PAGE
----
Multiple sclerosis (MS) is a debilitating neurological disease resulting from a destruction of myelin and myelin-forming cells (oligodendrocytes). Myelin membranes are produced by the oligodendrocytes in the central nervous system (CNS) to allow for high speed and high fidelity impulse conduction along axons through saltatory conduction. Oligodendrocytes synthesize up to three times their weight in myelin membrane per day and each oligodendrocyte fully myelinates axonal segments in a 24-hour period. Myelination requires a very high metabolic rate and thus entails consumption of large amounts of ATP and oxygen implicating mitochondrial function as a vital component in synthesizing and maintaining myelination of the CNS. High energy requirements for myelination by oligodendrocytes may be particularly relevant to either the success or failure of remyelination in MS. Additionally, a second main physiological function of mitochondria is to produce reactive oxygen species (ROS) that must also is stringently regulated in the mature oligodendrocyte. High ROS output by oligodendrocyte mitochondria is particularly relevant to mechanisms of demyelination. The protein tyrosine phosphatase SHP-1 is a potentially important molecule in MS since it is a major negative regulator of the immune system and regulates cell signaling in oligodendrocytes. Our lab discovered that SHP-1 is expressed in oligodendrocytes and plays an important role for proper myelination of the CNS. Importantly, we recently showed that SHP-1 controls the constitutive production of ROS by oligodendrocytes. We hypothesize that SHP-1 regulates both ATP and ROS production by mitochondria in oligodendrocytes. We further hypothesize that SHP-1 controls these mitochondrial functions primarily through modulation of STAT1 and STAT3 activation in oligodendrocytes. The goal of this project is to determine how SHP-1 mediates alterations in mitochondrial function through the regulation of STAT1 and STAT3 activation. Our goal is to first determine how SHP-1 regulates STAT1 and STAT3 activation in oligodendrocytes. We will then determine the effects of STAT1 and STAT3 activation on oligodendrocyte mitochondrial function by assessing various parameters including mitochondrial basal respiration, ATP production, proton leak, maximal respiratory capacity, membrane potential, ROS production, and electron chain complex expression. Finally, we will determine if SHP-1 dependent regulation of STAT1 or STAT3 activation alters the susceptibility of the oligodendrocytes to mitochondrial-mediated apoptosis. These studies will provide us with insight into mechanism of mitochondrial dysfunction that can cause significant oligodendrocyte dysfunction in neurodegenerative diseases including MS.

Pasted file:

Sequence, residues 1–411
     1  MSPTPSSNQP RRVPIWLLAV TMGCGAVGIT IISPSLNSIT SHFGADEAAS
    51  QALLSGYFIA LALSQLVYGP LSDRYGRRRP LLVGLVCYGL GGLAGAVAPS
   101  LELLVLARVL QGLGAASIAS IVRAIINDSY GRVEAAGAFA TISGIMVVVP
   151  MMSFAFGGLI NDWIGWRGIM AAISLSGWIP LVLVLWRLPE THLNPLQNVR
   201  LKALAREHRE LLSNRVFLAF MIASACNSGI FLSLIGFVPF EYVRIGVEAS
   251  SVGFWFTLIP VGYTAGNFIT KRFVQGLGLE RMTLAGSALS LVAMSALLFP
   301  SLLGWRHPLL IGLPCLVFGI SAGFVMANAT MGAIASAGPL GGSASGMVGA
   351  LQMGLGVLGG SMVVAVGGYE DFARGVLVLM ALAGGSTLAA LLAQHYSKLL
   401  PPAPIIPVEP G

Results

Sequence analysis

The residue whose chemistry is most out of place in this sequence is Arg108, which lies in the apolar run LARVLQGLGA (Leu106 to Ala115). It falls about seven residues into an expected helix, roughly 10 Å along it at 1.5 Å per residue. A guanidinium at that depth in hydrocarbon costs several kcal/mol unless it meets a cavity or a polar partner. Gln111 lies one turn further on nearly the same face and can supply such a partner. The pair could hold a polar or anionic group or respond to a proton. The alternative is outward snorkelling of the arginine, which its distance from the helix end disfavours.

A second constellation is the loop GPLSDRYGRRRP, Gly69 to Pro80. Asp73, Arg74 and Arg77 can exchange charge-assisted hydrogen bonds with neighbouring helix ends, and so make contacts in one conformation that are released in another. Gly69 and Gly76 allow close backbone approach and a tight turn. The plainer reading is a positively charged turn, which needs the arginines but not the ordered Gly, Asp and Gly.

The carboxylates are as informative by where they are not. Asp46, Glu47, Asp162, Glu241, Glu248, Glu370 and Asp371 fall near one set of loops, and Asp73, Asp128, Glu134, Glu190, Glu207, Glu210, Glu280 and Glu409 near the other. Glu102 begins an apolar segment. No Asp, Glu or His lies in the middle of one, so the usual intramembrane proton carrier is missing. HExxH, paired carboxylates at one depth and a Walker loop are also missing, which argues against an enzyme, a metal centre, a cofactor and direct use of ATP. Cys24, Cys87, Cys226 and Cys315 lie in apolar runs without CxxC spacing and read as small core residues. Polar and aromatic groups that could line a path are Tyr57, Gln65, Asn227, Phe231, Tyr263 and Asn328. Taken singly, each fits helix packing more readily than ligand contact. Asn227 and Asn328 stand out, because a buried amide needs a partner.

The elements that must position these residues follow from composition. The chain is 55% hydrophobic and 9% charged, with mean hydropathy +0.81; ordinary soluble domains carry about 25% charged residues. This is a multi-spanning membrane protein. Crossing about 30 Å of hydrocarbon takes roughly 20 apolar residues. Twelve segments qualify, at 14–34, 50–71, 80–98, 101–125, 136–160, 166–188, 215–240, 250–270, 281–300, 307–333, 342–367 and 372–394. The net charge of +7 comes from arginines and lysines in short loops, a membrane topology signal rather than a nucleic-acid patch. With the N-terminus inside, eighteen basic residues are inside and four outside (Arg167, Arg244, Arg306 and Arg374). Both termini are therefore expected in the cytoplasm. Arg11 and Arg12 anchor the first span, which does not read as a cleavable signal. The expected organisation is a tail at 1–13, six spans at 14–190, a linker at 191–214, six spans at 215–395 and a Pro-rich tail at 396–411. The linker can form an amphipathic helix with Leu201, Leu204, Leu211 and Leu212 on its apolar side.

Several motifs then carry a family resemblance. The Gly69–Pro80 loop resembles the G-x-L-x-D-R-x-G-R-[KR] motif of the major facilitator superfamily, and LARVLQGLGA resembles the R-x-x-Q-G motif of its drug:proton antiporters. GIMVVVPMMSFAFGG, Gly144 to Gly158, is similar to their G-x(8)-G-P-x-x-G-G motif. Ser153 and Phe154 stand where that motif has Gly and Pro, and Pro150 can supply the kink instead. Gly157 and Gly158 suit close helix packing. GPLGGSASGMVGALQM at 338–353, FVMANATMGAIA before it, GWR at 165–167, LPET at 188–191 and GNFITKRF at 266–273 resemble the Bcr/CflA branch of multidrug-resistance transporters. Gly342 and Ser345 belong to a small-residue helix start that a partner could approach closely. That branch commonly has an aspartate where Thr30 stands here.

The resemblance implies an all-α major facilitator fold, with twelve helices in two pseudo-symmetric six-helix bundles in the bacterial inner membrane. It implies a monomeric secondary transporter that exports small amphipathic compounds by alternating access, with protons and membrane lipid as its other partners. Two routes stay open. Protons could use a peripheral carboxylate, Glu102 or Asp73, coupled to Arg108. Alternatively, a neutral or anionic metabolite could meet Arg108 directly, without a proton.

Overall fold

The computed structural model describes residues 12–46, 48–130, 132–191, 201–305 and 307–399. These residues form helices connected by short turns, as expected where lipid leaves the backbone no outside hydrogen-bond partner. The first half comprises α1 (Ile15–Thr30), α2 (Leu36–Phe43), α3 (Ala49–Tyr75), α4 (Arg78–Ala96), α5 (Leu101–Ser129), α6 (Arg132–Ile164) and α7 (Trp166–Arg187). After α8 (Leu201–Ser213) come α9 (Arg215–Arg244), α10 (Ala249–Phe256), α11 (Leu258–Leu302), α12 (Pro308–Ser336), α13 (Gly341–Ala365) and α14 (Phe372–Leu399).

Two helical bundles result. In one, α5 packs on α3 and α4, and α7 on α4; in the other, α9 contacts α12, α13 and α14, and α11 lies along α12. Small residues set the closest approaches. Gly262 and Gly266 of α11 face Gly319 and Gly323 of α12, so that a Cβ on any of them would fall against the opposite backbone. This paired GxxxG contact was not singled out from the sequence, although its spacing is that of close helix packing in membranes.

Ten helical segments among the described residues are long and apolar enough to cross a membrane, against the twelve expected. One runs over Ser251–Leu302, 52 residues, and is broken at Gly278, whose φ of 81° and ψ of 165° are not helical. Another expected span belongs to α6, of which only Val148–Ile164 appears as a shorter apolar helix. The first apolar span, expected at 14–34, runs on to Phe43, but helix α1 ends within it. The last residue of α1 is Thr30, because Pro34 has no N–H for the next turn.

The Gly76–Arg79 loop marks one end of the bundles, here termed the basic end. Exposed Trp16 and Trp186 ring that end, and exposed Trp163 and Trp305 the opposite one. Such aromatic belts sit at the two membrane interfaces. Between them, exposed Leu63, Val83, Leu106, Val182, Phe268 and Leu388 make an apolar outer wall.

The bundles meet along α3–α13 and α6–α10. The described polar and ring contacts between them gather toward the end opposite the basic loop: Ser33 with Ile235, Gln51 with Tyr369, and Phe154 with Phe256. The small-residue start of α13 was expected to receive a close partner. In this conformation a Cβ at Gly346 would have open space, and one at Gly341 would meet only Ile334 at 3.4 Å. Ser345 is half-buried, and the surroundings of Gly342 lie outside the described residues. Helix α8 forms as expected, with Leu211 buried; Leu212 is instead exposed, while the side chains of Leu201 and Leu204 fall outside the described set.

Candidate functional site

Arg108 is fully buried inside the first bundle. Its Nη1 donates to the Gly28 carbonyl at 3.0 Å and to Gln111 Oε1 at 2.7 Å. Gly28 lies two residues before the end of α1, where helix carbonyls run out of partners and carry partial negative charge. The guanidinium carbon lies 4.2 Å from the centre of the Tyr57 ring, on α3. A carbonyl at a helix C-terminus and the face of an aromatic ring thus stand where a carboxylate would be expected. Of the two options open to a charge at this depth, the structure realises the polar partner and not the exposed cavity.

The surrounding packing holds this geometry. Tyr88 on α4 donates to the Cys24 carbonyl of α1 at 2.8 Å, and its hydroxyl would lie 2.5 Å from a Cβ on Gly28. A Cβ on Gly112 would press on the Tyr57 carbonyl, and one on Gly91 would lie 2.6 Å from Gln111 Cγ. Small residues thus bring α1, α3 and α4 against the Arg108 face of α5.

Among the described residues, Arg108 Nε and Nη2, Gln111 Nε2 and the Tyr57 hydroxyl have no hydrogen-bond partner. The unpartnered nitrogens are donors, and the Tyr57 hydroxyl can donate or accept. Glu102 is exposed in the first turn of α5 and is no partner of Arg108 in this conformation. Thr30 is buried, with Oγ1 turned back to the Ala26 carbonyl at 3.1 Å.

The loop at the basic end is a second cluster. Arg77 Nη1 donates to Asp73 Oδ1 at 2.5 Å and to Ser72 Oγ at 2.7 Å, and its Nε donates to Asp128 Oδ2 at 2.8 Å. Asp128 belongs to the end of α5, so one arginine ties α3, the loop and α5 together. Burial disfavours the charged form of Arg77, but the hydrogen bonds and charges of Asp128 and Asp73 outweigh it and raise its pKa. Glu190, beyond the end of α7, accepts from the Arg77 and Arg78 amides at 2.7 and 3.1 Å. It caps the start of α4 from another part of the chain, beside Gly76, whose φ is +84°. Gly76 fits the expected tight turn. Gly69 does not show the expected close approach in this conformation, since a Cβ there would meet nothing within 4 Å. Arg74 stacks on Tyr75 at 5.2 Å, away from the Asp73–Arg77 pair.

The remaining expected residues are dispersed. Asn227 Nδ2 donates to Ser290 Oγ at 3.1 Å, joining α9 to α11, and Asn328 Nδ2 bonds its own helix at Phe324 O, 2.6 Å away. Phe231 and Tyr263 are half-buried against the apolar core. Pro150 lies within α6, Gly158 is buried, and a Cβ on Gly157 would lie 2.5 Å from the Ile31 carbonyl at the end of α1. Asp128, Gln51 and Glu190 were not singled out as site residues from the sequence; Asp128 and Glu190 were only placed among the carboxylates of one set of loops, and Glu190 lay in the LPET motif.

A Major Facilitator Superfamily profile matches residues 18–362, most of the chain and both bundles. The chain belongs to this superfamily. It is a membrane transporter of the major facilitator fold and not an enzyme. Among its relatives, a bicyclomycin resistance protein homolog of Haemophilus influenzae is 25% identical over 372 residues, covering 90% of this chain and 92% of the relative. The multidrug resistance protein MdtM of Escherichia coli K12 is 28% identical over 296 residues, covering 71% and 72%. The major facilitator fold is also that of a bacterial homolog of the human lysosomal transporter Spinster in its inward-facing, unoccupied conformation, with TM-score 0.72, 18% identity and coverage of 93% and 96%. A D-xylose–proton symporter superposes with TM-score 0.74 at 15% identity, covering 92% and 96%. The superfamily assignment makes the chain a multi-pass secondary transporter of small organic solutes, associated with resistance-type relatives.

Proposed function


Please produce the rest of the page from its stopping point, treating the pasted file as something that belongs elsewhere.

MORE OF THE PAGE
Public Health Relevance

Mitochondrial dysfunction is becoming increasingly relevant as a major driver of neurodegenerative diseases including multiple sclerosis (MS). We have discovered that the Src homology 2 (SH2) domain containing protein tyrosine phosphatase-1 (SHP-1) (a major negative regulator of immune signaling) regulates mitochondrial function in the myelin-forming glia of the CNS, oligodendrocytes. As SHP-1 activity is known to be affected by inflammatory signaling, we propose that mitochondria in oligodendrocytes may become dysfunctional and cause cell damage in MS.

National Institute of Health (NIH)
National Institute of Neurological Disorders and Stroke (NINDS)
Individual Predoctoral NRSA for M.D./Ph.D. Fellowships (ADAMHA) (F30)
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NST-2 Subcommittee (NST-2)
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Utz, Ursula
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Upstate Medical University
Schools of Medicine
United States
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